Tear gas - a lingering reminder of Thursday's explosion - drifted through the offices and corridors of the District of Columbia's Municipal Center yesterday, occasionally engulfing a harried police dispatcher or city telephone operator.

"I toured the building at 7 o'clock this morning," Sam D. Starobin, the city's general services director, said yesterday afternoon. "I cried accasionally, but then I frequently cry." Starobin, whose agency oversees the city's buildings, often finds himself caught between one city crisis and the next.

For many of the nearly 2,000 D.C. employees who normally work at the Municipal Center, the explosion provided a four-day holiday. Only skeleton crews staffed offices in the building at 300 Indiana Ave. NW yesterday. Other employees were given the day off. They will also have a holiday Monday, Martin Luther King Jr.'s birthday.

The entire, six-story Municipal Center was evacuated Thursday after an accidental explosion in a weapons storage room set off a fire and a series of ther explosions that quickly spread tear gas fumes throughout the building. The Municipal Center houses police headquarters and offices for city tax, motor vehicles and other agencies.

D.C. Police Chief Burtell M. Jefferson said yesterday that an investigation into the cause of the accidental tear gas explosion would not be completed until next week. He also said that the police department would step up-its efforts to find a new location for the weapons storage room to avoid another similar incident.

Starobin noted that the Municipal Center's ventilation system had been turned on full blast in hopes of clearing away the biting tear gas fumes by Tuesday. An inspection, he said, found that the main damage from the fire and explosions had been confined to the second-floor weapons storage room. No overall estimate of the cost of repairs was available yesterday, although police previously put losses in damaged weapons, ammunition and other equipment at $300,000 or more.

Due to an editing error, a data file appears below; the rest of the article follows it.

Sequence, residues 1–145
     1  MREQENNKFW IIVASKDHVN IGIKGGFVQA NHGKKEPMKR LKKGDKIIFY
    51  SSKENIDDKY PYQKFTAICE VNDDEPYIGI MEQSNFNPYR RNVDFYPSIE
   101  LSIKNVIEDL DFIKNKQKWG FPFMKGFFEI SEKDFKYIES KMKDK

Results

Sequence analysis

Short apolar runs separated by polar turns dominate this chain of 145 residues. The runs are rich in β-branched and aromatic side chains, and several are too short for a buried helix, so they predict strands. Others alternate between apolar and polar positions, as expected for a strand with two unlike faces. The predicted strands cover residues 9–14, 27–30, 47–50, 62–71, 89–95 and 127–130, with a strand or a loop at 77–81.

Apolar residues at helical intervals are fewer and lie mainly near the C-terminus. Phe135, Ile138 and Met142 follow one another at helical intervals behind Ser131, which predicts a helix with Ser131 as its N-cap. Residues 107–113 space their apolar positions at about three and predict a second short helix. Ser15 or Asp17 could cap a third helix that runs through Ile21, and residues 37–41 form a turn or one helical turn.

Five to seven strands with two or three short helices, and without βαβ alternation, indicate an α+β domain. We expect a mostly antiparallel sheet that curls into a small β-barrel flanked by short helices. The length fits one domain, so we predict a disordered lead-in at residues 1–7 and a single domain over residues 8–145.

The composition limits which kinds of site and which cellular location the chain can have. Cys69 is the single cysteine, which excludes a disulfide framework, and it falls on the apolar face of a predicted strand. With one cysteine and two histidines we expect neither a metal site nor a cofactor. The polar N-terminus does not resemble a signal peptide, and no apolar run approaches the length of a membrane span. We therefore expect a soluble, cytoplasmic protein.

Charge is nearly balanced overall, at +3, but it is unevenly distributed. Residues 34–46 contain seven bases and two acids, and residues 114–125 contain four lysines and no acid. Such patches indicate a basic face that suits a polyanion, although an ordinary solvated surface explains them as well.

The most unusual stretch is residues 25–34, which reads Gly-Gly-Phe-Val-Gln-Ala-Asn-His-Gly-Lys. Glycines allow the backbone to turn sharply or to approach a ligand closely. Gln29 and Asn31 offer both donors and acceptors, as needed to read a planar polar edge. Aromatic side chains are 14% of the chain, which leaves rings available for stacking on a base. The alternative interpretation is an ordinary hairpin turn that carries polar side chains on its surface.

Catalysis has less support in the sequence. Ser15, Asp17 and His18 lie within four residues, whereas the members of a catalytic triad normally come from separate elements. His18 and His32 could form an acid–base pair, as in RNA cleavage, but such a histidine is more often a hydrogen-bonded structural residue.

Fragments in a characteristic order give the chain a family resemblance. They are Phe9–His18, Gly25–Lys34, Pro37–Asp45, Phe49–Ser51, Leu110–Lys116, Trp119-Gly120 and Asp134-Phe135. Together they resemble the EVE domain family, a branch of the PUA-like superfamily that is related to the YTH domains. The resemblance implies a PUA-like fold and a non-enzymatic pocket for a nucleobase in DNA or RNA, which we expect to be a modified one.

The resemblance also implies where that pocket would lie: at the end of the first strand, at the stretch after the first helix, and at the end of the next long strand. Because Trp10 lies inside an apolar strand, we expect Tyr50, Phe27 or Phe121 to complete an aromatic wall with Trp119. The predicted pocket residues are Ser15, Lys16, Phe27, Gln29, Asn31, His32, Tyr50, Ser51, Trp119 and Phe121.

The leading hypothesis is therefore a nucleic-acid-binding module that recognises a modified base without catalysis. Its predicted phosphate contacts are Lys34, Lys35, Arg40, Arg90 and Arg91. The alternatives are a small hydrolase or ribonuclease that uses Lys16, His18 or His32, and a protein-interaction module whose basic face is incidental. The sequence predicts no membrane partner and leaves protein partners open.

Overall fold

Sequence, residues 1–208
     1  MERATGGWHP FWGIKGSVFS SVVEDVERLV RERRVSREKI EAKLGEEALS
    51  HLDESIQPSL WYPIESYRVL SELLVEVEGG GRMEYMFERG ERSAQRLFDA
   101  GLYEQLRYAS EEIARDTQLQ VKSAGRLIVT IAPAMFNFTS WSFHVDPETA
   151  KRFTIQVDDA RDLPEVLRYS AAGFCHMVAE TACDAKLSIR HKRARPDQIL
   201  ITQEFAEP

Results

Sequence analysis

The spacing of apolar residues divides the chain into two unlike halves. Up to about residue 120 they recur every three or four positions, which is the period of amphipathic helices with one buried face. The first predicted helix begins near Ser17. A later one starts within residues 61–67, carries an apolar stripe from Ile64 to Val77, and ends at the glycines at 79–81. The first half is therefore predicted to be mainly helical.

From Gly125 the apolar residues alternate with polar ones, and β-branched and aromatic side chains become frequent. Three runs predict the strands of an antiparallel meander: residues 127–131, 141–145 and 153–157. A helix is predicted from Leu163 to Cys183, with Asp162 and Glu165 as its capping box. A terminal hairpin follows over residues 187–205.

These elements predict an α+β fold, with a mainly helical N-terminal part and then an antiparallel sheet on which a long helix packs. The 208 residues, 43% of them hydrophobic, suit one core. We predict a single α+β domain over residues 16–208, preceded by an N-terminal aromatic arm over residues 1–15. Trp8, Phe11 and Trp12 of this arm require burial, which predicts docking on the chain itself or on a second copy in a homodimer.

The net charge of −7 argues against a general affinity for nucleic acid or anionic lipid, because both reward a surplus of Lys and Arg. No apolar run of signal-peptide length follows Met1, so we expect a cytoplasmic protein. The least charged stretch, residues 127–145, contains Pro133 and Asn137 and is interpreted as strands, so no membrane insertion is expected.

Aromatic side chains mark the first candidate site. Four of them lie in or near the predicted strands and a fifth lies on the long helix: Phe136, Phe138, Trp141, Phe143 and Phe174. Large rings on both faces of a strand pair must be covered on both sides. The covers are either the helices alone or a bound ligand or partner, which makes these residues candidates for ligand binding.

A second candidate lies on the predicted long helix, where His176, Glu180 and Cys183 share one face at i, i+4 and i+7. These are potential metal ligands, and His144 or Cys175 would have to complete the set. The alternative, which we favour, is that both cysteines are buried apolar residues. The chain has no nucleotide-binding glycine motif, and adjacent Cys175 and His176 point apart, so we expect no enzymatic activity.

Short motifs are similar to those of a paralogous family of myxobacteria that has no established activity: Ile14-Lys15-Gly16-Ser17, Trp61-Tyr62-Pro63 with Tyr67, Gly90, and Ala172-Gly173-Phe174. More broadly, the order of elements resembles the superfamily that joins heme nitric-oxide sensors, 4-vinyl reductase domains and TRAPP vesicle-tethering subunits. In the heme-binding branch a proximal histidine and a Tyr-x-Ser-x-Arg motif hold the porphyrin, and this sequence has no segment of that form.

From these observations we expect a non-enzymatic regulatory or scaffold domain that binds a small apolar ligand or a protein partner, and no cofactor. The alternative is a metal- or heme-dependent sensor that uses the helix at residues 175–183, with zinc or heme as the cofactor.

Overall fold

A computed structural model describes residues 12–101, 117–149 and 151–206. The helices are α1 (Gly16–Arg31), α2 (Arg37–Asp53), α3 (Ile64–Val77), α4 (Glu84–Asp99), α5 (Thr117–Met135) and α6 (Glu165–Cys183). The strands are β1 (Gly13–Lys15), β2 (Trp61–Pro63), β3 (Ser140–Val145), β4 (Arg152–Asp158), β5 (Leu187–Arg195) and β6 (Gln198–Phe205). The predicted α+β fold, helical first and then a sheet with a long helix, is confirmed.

Fourteen city employees were at work yesterday at the major's command center on the Municipal Center's fifth floor. They were collecting and disseminating information about yesterday's snowstorm. Although they had taken off thei gas masks, command center workers occasionally got a stiff whiff of the fumes. "Every time somebody walks across the carpet, it stirs it up again," Arlene Billings, a command center aide, observed.

About 25 police dispatchers were at work in the Municipal Center, sending out squad cars as reports of crime came in. The dispatchers' room had been aired out, largely ending one form of discomfort but causing another. "It's very cold," noted one dispatcher, Officer Charles L. Dettman, "but the smell is gone."

Elsewhere in the building, a few telephone operators staffed police and city government swtichboards, located in rooms where the odor of Thursday's gas was only faint. Some tax and treasury employees were at their desks, partly to see that the city's payrool was completed on time. Others picked up work and took it home with them.

Most of the special police squads that normally operate from the Municipal Center moved to makeshift offices elsewhere in the city. Homicide detectives shifted to the medical examiner's headquarters. Other investigative units took up quarters at court building. Some police officials spent part of the day away from the Municipal Center at ceremonies for their new chief, Jefferson, who was sworn in yesterday morning.

Police have insisted since the explosion occurred that there had been no letup in the city's capacity to combat crime. Citywide crime statistics for Thursday were not available yesterday, however, because the police officials who normally anaylze crime trends were kept away from their Municipal Center offices by the lingering fumes.

Although some city officials expressed hopes that the Municipal Center' stench would vanish by Tuesday, others voiced doubts. They noted that some of the fumes were emitted by tear gas particles, not easily swept away by the building's ventilation system.